In one example, Toyota Material Handling has teamed up with IPercept Solutions, a deep-tech startup that provides AI services for industrial machine tracking. In the initial meeting, IPercept was able to show how their solutions fit Toyota’s material handling needs and ambitions. The application of these tools has radically improved the process of the latter, according to Matthias DahlgrenMaintenance Manager at Toyota Material Handling.
This example shows how startups that tackle existing problems and provide innovative solutions can make themselves indispensable to companies.
Address ease of integration and collaboration.
Startups must know how to integrate their products into the company’s existing operations. The startup should make it easier for the company to deal with them by first understanding the current workflow of the latter.
A startup has created a machine learning algorithm to help Alfa Laval — a global leader in heat transfer, separation and fluid processing — accurately assess when a heat exchanger requires flushing. Thanks to this collaboration, the company, founded in 1883, could deploy intelligent heat exchangers despite its lack of experience in the field.
Existing use cases and new value propositions.
During the meeting, the startup should explain how it will create new value for the company and its customers. One approach might be to talk through a company-specific mock use case. Instead, actual use cases can be viewed based on the startup’s engagement with other companies.
These opportunities for value creation should be communicated through simple presentations that emphasize the ease of integration of proposed solutions with existing channels. Pilot collaborative ventures with companies are particularly beneficial for early-stage startups as they enhance the latter’s legitimacy and help expand their customer base.
association right team.
Beyond the startup founder(s), it is helpful to engage business development experts and technologists who can engage corporate representatives in a productive dialogue. Teams made up of technically qualified members (eg, CTOs) and those with business development backgrounds are better able to understand how a startup’s technology benefits the company. With the right team, possibilities can emerge outside of a startup’s technology and company challenges. Founders whose technical background was solid but who were unable to explain their technology or its applications usually fail to capture the interest of the public. So teams should have members who can explain possible uses for their services along with those who can answer technical questions.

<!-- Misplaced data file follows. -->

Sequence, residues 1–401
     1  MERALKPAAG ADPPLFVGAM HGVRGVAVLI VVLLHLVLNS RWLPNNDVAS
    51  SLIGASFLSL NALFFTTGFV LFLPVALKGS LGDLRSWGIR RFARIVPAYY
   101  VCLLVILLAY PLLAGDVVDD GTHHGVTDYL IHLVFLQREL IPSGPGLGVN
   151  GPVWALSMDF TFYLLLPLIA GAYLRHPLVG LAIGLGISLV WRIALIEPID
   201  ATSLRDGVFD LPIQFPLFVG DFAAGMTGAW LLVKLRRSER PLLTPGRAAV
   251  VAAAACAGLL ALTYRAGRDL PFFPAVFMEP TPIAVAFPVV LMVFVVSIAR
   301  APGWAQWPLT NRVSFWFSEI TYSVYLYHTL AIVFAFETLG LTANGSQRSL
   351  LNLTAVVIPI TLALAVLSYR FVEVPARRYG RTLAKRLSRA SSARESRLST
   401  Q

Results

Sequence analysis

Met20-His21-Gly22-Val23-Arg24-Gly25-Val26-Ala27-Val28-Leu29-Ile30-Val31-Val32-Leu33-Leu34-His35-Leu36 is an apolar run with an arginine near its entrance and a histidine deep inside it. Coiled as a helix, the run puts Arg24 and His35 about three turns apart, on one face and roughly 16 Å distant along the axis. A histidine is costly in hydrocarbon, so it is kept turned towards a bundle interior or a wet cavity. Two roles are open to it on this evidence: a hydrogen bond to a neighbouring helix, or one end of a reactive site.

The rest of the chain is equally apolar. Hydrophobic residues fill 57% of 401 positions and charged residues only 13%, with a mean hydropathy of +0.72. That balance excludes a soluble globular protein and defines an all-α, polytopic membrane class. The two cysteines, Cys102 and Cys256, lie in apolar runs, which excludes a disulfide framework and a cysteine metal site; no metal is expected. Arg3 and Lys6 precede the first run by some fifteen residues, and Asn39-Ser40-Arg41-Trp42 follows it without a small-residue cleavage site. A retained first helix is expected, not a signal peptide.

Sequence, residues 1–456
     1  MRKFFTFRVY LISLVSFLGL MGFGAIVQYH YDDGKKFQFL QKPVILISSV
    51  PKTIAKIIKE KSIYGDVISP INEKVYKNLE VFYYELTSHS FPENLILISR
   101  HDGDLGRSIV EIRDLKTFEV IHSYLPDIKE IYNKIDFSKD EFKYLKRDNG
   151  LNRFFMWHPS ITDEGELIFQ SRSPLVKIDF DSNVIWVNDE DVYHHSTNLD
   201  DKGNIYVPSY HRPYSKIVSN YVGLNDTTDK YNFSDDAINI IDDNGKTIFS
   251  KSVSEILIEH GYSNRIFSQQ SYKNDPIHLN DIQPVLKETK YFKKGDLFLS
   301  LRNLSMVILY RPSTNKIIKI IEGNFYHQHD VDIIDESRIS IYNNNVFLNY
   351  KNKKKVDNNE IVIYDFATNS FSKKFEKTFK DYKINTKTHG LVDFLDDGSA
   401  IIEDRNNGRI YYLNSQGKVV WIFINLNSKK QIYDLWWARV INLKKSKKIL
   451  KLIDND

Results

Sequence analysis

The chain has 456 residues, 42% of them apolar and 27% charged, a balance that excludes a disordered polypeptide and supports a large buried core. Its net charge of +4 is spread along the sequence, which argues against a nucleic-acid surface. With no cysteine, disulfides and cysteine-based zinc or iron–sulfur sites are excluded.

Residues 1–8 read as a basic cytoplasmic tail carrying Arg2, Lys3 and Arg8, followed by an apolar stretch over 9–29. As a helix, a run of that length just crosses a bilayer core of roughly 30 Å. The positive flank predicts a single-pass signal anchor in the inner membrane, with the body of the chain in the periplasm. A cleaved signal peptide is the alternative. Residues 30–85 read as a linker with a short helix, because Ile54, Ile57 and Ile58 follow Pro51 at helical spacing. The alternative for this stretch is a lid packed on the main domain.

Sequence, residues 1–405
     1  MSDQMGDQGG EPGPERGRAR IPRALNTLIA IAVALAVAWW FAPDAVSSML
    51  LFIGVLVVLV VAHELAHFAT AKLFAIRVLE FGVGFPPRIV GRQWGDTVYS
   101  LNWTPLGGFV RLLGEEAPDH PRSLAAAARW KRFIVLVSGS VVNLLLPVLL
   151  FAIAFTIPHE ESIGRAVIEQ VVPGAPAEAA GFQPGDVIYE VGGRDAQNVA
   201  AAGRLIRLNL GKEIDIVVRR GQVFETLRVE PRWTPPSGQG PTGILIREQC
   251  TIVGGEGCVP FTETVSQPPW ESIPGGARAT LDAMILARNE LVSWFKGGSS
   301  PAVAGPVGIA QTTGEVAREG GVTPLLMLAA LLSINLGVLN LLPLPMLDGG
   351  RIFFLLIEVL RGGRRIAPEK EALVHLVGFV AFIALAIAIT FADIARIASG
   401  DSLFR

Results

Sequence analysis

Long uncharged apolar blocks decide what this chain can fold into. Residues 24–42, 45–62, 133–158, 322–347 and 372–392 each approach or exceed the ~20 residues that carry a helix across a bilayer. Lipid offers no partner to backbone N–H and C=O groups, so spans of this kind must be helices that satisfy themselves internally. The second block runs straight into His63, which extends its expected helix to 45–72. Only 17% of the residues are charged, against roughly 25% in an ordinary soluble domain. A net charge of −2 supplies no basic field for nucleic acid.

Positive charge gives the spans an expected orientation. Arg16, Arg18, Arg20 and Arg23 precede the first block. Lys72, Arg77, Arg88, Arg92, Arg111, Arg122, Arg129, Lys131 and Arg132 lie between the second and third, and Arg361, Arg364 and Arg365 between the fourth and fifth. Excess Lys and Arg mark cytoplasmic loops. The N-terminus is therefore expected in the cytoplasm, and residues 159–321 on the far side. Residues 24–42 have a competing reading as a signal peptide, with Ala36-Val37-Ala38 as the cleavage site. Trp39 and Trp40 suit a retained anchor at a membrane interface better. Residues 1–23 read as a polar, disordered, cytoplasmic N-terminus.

The list of do’s and don’ts below summarizes our observations on how startups ensure successful first meetings that lead to follow-up and collaboration.
What do you do at the first meeting.
- Address the company’s current problems and needs, and those of its industry.
- Design presentations for individual companies and show how your new startup can help them.
- Focus on ease of integration rather than your technology.
- Submit mock/use cases to demonstrate new value propositions.
- Be flexible and willing to rotate and co-create when the opportunity presents itself.
- Bringing a team with experience in technology and business development.
What not to do at the first meeting.
- Don’t just offer ideas: listen to their current and future needs.
- Don’t use the same ballpark for different companies: customize.
- Don’t just focus on your technology but show how it will help the company.
- Don’t just send out technical personnel in a high-tech presentation.
Startups can achieve a desirable level of engagement by first engaging with what they know about their corporate partners. Only then should they focus on co-creating products and services. Startups with clients who can demonstrate how their technology will help the company are practically guaranteed to win the latter’s interest in follow-up meetings. Therefore their efforts must be directed towards understanding the value streams of the company and its customers and the potential ways to create more value.
In this way, startups can overcome the challenges of navigating the often complex internal functioning of the company. They can learn about the company and its ways of working. They can build on this knowledge to receive an invitation to a second meeting where the two teams can focus on innovation.